I'm having trouble keeping all my balls in the air.  I keep focusing on the stuff that I can't manage because the tools aren't there.  And with that--with being focused on the stuff I can't manage--I'm starting to drop other balls.  Ones that, were I paying attention to the right thing, I wouldn't be having trouble with. All the balls I've dropped are rolling around underfoot, and I'm not just dropping the rest, but losing my balance.

I need to stop, breathe, refocus, and pick up one task.  One ball. 

Imp is having trouble with school.  I keep reminding him to hang on, he's got a doctor's appointment tomorrow, and we'll have an updated 'scrip in another week or two, but he really is having trouble.  

I think we've got things adjusted so that he's not overwhelmed by all the crap in his locker--the system with the one, big binder with all his stuff for all his classes seems to work better than the one with a binder for each class.  Each class has its own section in the binder: there's a folder for the class, then divider tabs, and paper for each class's work and notes.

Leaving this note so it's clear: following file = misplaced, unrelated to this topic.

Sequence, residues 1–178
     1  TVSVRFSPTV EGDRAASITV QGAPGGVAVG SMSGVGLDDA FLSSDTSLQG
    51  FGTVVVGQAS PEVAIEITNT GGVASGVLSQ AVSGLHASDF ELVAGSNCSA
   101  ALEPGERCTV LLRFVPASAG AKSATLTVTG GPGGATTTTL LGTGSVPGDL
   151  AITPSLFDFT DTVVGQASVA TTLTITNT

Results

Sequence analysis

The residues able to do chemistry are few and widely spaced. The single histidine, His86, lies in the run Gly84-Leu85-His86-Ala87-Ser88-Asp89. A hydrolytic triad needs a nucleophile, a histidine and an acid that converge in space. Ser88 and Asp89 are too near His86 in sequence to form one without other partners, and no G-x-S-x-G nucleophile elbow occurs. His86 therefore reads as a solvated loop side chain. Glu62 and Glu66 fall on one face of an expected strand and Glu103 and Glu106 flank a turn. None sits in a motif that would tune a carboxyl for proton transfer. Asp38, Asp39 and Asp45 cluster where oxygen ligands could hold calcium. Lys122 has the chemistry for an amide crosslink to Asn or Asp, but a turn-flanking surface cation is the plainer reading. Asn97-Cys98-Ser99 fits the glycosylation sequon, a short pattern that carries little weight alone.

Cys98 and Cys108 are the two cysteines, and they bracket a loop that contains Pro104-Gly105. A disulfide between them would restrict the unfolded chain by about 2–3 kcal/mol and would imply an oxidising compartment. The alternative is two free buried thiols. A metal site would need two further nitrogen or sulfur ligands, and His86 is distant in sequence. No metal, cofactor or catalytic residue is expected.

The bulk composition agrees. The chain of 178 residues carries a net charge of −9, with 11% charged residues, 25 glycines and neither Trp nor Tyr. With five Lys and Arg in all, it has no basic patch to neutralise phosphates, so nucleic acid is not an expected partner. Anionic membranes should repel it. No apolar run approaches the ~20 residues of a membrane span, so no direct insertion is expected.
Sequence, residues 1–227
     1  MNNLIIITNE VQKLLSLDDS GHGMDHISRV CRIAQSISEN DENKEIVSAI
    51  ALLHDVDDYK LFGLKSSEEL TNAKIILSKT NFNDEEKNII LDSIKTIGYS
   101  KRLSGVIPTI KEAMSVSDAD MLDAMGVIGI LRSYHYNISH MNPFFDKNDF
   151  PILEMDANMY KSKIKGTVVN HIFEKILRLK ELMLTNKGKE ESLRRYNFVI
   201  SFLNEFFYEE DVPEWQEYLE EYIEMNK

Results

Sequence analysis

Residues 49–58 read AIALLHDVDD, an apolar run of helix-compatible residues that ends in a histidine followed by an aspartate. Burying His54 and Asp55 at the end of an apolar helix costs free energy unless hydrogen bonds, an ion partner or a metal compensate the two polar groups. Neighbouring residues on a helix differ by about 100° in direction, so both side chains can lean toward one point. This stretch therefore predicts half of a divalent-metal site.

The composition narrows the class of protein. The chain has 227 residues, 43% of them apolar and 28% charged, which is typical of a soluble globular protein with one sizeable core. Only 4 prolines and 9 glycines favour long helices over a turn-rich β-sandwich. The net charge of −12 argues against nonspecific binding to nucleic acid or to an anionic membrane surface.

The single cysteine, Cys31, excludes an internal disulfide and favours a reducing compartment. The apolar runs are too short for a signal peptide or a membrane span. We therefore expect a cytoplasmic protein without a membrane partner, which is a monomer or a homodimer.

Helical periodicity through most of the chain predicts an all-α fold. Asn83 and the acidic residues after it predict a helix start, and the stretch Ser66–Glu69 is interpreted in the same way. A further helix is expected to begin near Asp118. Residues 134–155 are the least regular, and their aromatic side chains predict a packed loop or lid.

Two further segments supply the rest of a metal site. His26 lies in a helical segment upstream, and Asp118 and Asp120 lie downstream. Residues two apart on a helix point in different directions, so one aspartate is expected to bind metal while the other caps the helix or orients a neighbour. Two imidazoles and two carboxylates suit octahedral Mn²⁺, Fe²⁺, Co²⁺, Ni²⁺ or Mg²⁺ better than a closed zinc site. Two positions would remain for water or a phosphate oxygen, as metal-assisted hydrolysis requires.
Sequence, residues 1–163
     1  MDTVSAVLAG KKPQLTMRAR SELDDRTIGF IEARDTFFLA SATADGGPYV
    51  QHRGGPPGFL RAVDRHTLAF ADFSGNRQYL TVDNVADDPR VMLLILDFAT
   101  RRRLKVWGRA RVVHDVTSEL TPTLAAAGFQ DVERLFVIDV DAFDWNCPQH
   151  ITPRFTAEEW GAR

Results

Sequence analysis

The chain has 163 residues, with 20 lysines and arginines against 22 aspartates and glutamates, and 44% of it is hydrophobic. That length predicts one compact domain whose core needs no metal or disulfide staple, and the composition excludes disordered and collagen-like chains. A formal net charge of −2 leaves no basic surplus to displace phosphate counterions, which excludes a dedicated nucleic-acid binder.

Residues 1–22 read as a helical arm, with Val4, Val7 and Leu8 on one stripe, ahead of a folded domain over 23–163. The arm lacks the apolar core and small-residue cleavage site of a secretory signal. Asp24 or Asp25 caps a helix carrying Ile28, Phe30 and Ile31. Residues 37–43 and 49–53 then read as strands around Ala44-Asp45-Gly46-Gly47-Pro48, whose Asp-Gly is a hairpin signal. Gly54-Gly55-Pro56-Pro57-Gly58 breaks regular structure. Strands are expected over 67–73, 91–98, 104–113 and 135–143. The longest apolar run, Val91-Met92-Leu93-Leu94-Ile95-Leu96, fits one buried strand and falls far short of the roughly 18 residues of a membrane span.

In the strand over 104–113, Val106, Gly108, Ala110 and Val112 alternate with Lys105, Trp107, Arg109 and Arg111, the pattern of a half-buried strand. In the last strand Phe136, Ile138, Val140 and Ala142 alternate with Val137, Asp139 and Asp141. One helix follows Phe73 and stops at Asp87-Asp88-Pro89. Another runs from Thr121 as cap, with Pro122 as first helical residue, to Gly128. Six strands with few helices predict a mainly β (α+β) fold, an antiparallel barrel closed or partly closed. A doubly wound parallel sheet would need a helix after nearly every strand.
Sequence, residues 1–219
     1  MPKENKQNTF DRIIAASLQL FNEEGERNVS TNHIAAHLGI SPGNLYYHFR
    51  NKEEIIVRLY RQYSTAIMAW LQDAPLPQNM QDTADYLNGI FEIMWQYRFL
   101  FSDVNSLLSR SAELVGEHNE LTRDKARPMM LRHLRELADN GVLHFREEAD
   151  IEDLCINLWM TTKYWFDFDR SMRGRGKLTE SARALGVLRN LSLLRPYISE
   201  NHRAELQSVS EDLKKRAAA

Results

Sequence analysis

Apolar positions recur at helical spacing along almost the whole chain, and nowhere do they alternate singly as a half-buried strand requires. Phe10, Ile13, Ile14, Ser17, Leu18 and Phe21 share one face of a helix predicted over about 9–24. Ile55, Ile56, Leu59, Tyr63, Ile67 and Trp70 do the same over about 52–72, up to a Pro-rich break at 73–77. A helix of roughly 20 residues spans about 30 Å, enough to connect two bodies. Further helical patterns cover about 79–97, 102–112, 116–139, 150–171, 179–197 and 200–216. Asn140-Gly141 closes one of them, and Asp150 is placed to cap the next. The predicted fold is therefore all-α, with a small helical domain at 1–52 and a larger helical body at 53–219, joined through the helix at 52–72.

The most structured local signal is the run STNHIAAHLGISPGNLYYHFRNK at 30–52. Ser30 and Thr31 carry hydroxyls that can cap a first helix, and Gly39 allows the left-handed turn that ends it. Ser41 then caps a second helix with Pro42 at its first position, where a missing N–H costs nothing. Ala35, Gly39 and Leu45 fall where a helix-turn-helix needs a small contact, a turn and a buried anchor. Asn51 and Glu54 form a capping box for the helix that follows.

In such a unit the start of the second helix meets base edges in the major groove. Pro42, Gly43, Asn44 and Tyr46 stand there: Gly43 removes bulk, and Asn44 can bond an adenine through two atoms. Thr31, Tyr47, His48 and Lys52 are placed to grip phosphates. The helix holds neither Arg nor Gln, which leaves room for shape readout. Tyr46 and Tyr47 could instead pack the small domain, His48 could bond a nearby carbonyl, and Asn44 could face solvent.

Right now, his problem is a negativity spiral.  He can't pull out of it.  He's stuck on "I can't remember/I can't do it/I'm going to fail"--stuck on the problem, and can't re-focus to fixing the problem.  He doesn't even know where to start to fix the problem (remember that problem with under-developed executive function?).  

He's stuck.  His focus is stuck.  He's feeling like he's starting to drop the balls that are being thrown at him.  

I know exactly what that feels like: I cope with that, too.  I'll be managing things on my limits and then boom--something goes wrong.  And then everything goes wrong when I change focus to deal with the one thing.  The routine gets broken, because my checklist to help me remember things can't cover the extra.  And neither does my energy or focus levels.  

As an adult, I know that the only thing to be done is to slow down, take a breath, focus on what I've dropped, and pick up one ball.  Not immediately try to get them all back in the air, just one.